Equipment Review: Jag35 Full Shoulder Rig v2

 Posted by at 5:47 pm on June 10, 2013
Jun 102013
 

Jag35 FullShoulderRig from Day’s Edge Productions on Vimeo.

DSLR cameras have revolutionized many aspects of independent filmmaking, bringing high quality Full HD video into a compact, familiar package and allowing users to take advantage of the huge range of accessories available with established SLR camera systems. Unfortunately, DSLRs aren’t really built for video shooting, and there are a whole range of ergonomic difficulties to be overcome if you want to use them in a serious video production. Two of those difficulties are shooting stable footage without a tripod, and following a moving subject with manual focus.

 

A whole industry has sprung up to provide accessories for DSLR video shooters, and one of the companies whose products interested us was Jag35. We contacted Jag35 to see whether they would be willing to provide some gear for our documentary about speciation in the Solomon Islands, and they graciously agreed. Now, with three short expeditions under our belt using the Jag35 Full Shoulder Rig v2 and Sidekick Follow Focus v2, we’ve gained enough experience with these products to write a review.

 

First, the Jag35 Full Shoulder Rig v2. The point of a shoulder rig is to get the camera out of your hands (unstable!) and onto your shoulder (more stable). To make the whole setup as stable as possible, most shoulder rigs have a counterweight behind the shoulder that balances the weight of the camera so that your (shaky) hands don’t need to. After reviewing the plethora of shoulder rig possiblilities, the Jag35 Full Shoulder Rig v2 looked like a great choice for DSLR video shooting on the go, and we were excited to try it out.

 

We found the Full Shoulder Rig v2 to be comfortable, well balanced, and stable. The rig makes capturing smooth static and moving shots much easier than handheld — a huge improvement over shooting handheld. The ergonomics are also great. All of the adjustment knobs (a snazzy orange color, by the way) are large enough to allow for easy, quick adjustments, but not so large that they get in the way. Most of the rig is aluminum, so the rig is also very durable. Aluminum parts also keep the rig pretty lightweight. Its construction is modular, so you can break it down quickly into very compact, manageable components (excellent for traveling and filming expeditions that requiring trekking).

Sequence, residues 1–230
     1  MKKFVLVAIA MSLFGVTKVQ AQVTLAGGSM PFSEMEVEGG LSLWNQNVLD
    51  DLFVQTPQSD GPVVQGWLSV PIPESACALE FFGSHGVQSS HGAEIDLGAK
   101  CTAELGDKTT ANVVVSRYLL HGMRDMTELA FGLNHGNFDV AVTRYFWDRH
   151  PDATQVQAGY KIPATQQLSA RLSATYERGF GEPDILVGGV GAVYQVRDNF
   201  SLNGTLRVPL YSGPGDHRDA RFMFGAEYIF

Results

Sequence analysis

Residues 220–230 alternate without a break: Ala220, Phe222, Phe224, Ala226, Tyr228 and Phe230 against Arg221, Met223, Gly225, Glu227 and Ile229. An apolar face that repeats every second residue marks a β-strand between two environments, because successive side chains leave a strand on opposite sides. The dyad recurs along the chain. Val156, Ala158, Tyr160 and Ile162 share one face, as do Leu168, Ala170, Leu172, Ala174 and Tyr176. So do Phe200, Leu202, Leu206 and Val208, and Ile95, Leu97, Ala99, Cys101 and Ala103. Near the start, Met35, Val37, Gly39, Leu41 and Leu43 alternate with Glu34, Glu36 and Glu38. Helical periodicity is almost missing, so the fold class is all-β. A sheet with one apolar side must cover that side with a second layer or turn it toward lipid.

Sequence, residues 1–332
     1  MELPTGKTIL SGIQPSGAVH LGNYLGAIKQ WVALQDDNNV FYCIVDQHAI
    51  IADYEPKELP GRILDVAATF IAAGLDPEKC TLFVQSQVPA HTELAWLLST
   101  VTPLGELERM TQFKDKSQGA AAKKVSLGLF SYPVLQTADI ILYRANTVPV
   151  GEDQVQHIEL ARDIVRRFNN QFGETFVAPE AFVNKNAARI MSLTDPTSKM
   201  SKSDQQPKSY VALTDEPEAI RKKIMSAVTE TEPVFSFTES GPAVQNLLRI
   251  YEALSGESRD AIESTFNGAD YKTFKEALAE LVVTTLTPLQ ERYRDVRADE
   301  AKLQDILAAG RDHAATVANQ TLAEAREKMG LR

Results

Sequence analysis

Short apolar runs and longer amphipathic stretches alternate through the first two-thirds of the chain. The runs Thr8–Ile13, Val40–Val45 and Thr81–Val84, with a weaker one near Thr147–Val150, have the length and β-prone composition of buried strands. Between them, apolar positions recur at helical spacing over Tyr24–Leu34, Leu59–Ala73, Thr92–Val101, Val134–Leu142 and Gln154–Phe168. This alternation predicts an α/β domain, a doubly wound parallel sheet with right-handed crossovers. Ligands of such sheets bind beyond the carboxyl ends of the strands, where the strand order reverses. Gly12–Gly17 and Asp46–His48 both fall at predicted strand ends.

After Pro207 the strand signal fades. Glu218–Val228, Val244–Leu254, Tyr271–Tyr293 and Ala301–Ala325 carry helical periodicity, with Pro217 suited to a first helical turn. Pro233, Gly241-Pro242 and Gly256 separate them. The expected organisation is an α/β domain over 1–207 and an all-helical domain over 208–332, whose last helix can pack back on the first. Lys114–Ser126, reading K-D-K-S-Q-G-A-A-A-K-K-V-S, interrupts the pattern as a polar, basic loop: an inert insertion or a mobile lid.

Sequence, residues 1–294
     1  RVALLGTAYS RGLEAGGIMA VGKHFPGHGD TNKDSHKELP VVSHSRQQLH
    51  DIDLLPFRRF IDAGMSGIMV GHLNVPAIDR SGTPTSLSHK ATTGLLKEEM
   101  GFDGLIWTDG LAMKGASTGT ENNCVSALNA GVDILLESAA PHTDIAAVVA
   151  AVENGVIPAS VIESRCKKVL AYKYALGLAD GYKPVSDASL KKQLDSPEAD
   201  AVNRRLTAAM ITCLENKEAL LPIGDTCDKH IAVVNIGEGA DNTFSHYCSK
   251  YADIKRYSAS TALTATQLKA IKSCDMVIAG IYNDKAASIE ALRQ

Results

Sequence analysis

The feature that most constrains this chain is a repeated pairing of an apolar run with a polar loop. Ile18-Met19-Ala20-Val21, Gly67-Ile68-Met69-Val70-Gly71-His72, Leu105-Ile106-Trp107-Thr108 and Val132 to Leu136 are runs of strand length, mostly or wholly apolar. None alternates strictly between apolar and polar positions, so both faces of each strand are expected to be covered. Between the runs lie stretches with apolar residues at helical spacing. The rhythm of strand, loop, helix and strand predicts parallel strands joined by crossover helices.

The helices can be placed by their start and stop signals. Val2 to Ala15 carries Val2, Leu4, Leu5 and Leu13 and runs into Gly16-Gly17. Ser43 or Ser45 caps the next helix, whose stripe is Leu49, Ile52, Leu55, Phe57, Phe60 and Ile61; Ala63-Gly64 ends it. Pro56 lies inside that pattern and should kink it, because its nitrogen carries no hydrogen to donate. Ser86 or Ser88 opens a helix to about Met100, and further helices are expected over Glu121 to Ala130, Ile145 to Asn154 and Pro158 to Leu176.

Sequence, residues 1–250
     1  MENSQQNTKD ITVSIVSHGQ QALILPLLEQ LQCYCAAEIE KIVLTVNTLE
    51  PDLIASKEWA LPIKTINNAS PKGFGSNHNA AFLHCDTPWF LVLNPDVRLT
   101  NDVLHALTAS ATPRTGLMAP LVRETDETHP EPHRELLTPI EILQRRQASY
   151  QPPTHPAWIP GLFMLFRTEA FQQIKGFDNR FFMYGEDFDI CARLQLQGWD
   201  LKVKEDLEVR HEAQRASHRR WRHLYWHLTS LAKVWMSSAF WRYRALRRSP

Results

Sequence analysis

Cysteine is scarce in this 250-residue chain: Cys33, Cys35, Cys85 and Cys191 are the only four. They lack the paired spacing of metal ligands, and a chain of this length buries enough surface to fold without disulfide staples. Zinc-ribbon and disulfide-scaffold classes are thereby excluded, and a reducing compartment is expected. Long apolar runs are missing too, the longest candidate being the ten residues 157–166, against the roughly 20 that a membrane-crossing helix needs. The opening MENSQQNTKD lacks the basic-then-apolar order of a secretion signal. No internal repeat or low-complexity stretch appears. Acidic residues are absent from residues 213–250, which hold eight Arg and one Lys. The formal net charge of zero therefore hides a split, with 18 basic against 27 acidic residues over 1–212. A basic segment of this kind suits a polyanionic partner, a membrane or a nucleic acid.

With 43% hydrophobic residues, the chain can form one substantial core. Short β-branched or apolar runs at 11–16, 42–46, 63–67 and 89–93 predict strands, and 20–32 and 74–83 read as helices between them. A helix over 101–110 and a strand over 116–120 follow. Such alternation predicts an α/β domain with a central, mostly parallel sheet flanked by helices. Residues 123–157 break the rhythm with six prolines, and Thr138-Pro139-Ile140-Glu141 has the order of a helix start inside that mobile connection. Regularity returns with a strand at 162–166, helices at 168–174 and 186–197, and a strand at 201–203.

One of our favorite features of the rigs is how easy it is to reconfigure into a variety of forms. The full shoulder rig is an “offset” configuration, meaning that while the rig sits on your shoulder (the right shoulder in the standard configuration), the DSLR mounting plate is offset to the left, so the DSLR’s LCD screen is right in front of your face. We’ve also used the included components to assemble a compact shoulder rig (without the counterweight behind the shoulder) and a counterbalanced top-handle rig for moving handheld low-angle shots. The rig can be tripod-mounted. Since the rig uses industry-standard 15mm rails, you can attach lots of accessories without modification. If necessary, the supplied rails can be replaced with longer rails to accommodate larger gear. On an upcoming shoot, we’ll be using a new external monitor, and we’ll be able to re-configure the rig — using some longer rails, not included — into a straight (non-offset) form to accommodate this additional accessory. Easy!

 

Overall, we’ve been really impressed with the build quality and versatility of the Jag35 Full Shoulder Rig. Neither Nate nor I have worked with some of the more expensive options (those made by Zacuto, Redrock Micro, etc.), but based on our experience with the Jag35 rig, we don’t see any reason to spend more!

 

Finally, just a few minor caveats: when fully assembled, the shoulder rig is not small, and has a slightly awkward shape. We tried carrying it, fully assembled, on some long hikes over rough terrain, and that wasn’t fun. So don’t do that. It’s pretty quick to break down and set up again, so that’s the way to go if you’re moving around a lot.

 

The only improvement we could think of, and one that would be easy to implement, would be to add a quick-release system on the camera mounting plate. The best option would probably be the standard Arca-style system, perfect for all those photographers who are transitioning into shooting more video.

 

Overall verdict: This is a solid piece of gear and makes a huge difference when you’re shooting video without a tripod. Definitely recommended.

Stay tunned for our review of the SideKick Follow Focus V2.
Here is their video about the rig:

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